Back in the not too distant past, Apple bought the Siri app and its developers, and months later launched the first major talking assistant on iPhone 4s. Siri is the most well known, perhaps the most popular of the genre.
So, why is Siri being castigated by technology writers and Apple critics? Why hasn’t Siri advanced in many years as fast as Amazon’s Echo and Alexa combo? There are times when Apple’s executives think the company has a larger lead over competitors than it does. Siri languished. The world moved on. What do you want from Siri? Here’s my list.
Talk To Me, Baby?
With few exceptions, Siri is better at parlor tricks than useful functionality. It’s Siri’s voice which powers Maps, and that gets used often. But as a technology that interacts with Apple’s iPhone, iPad, and Mac customers, Siri’s capabilities and responses to queries are anemic at best.
Dictation seems to have improved in recent years. Siri’s voice is more human-like than a year or so ago. Even the number of actions and commands that Siri understands has grown. But Siri’s promise as an interface for the future remains unmet. Siri– as well as brethren including Alexa, Google’s poorly named Assistant, Microsoft Cortana, and Samsung’s Bixby– isn’t very smart or human-like, despite the promise and the humanized voice.
Here’s what is on my list for Siri 2019.
Siri Everywhere – Siri on the Mac is not Siri on iPhone and Siri on AirPods doesn’t even work. HomePod Siri must be a long lost Siri relative who knows little about the rest of the world. Apple TV 4k Siri can be useful because you’re holding Siri’s microphone in your hand, but Siri on Apple TV does not talk back. What’s with that?
Simply put, there is no reason why Siri cannot just be Siri on every Apple device. It helps if Siri knows which device is being communicated to, and that happens occasionally now, but it needs to be a no-brainer. Put Siri everywhere, Apple.
Buy Stuff, Siri – Amazon’s Alexa lets you buy stuff. From Amazon, of course. Apple is not Amazon, but Apple sells all kinds of products to customers logged into each device. Why can’t I use Siri to buy an app, or purchase a song, or rent a movie or TV show?
Siri needs to learn how to shop. What would help, of course, is if Siri knew who was doing the shopping. Siri doesn’t even know my voice. I’m not sure why I have to train Siri on my iPhone because she-it-he responds even when Jesse asks a question with “Hey Siri…” from anywhere nearby. A context related Siri– a Siri who knows one voice from another– would be a big plus. Voice recognition has been around for many years but Siri remains human agnostic.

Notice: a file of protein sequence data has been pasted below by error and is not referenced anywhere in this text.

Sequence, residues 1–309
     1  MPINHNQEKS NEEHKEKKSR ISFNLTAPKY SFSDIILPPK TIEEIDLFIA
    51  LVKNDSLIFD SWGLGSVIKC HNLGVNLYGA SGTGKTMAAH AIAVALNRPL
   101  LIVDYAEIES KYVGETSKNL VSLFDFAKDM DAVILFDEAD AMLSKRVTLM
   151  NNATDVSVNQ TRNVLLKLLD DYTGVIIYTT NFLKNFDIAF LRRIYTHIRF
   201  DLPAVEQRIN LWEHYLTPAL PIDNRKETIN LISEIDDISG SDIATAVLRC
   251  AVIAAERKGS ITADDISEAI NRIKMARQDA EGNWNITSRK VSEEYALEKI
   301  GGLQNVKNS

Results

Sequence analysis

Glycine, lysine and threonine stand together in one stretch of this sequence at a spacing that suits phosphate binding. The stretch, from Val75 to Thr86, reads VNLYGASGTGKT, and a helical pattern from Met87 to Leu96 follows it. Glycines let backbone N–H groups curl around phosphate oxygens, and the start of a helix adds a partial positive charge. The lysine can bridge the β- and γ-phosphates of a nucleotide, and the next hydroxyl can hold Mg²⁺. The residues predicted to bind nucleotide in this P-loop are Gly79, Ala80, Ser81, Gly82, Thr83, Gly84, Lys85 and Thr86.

Translation – We travel. We carry iPhones when we travel. We have two or three translation apps on our iPhones. Siri doesn’t translate. Google’s Pixel Buds– the search engine giant’s anemic answer to Apple’s very popular AirBuds, translates on the fly. We know Amazon is going to do the same with Alexa. Siri has been around for years and still cannot do anything beyond very basic translations.
Why can’t Siri talk to me in different languages? Siri can speak in more languages than Alexa, so why can’t Siri translate what I say to a specific language? Siri needs to translate.
Siri And 3rd Party Apps – Yes, it’s nice that Siri can do this or that, open a few apps, scour the internet for useless information, but Amazon has knocked the ball out of the park with a third party ecosystem that is growing fast. Siri on iPhone, iPad, and Mac apps? Dream on, Apple.
Yes, there is a Siri framework now, but where are the apps that use it?
Siri And Context – This notion is somewhat inferred in the first item, Siri Everywhere, above, but needs its own line item. Siri doesn’t remember much about what you just asked.
Me: “Hey Siri, when do the Braves play.”
Siri: “The Braves play tomorrow afternoon.”
Me: “Who’s pitching?”
Siri: “I’m afraid I can’t answer that.”
See? Context is important. Siri doesn’t have much of it and needs much more.
You get the idea, right? Siri needs to improve quickly because the world of talking intelligent assistants is moving fast.